April Flowers for redOrbit.com - Your Universe Online An asteroid or comet crashed into a shallow sea near what is now the Yucatan Peninsula of Mexico approximately 65 million years ago. A firestorm and global dust cloud resulted, causing the extinction of many land plants and large animals, including most of the dinosaurs. Researchers from the Monterey Bay Aquarium Research Institute (MBARI) presented evidence this week at a meeting of the American Geophysical Union (AGU) that remnants...

Fossilized Toe Prints Identified As Belonging To Large Ancient Bird
2013-10-28 13:20:31

Lee Rannals for redOrbit.com - Your Universe Online Scientists, publishing a paper in the journal Palaeontology, say two fossilized footprints found in Australia are most likely the oldest known bird tracks in the country. The researchers said the thin-toed tracks in fluvial sandstone were most likely made by two individual birds that were the size of a great egret or a small heron. These ancient birds would have lived during the Early Cretaceous period. "These tracks are evidence...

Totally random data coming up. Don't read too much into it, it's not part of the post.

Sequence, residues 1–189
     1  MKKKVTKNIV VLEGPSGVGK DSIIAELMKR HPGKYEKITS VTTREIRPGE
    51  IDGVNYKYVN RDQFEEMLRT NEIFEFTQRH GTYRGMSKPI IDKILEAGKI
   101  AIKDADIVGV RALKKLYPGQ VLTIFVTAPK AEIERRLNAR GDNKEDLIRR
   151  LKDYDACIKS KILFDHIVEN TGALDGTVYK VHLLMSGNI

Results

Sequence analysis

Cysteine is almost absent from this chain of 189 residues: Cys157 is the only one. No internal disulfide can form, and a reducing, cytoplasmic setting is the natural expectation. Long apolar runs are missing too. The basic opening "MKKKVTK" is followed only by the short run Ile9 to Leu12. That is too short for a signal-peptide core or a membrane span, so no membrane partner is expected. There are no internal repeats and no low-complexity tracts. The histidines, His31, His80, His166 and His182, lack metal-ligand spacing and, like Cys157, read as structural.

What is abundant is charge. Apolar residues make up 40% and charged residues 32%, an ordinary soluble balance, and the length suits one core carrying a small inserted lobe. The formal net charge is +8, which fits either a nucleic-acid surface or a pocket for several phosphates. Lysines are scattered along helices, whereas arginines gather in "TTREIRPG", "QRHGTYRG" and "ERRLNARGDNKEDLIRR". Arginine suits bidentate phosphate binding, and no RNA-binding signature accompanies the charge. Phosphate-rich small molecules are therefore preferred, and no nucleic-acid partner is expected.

Shy Male Birds Likely To Flock Together And Have Fewer Friends
2013-09-18 12:11:31

University of Oxford Male birds that exhibit 'shy' social behavior are much more likely to join flocks of birds with a similar personality than their 'bold' male counterparts, a new study has found. But shy birds also have fewer social partners than bold birds. The research, carried out by scientists from Oxford University and the Australian National University, used a new way of analyzing the social networks that link individual animals to each other – a kind of 'Facebook for birds'...

Understanding Origins Of Flight With Wind Tunnel
2013-09-18 10:40:09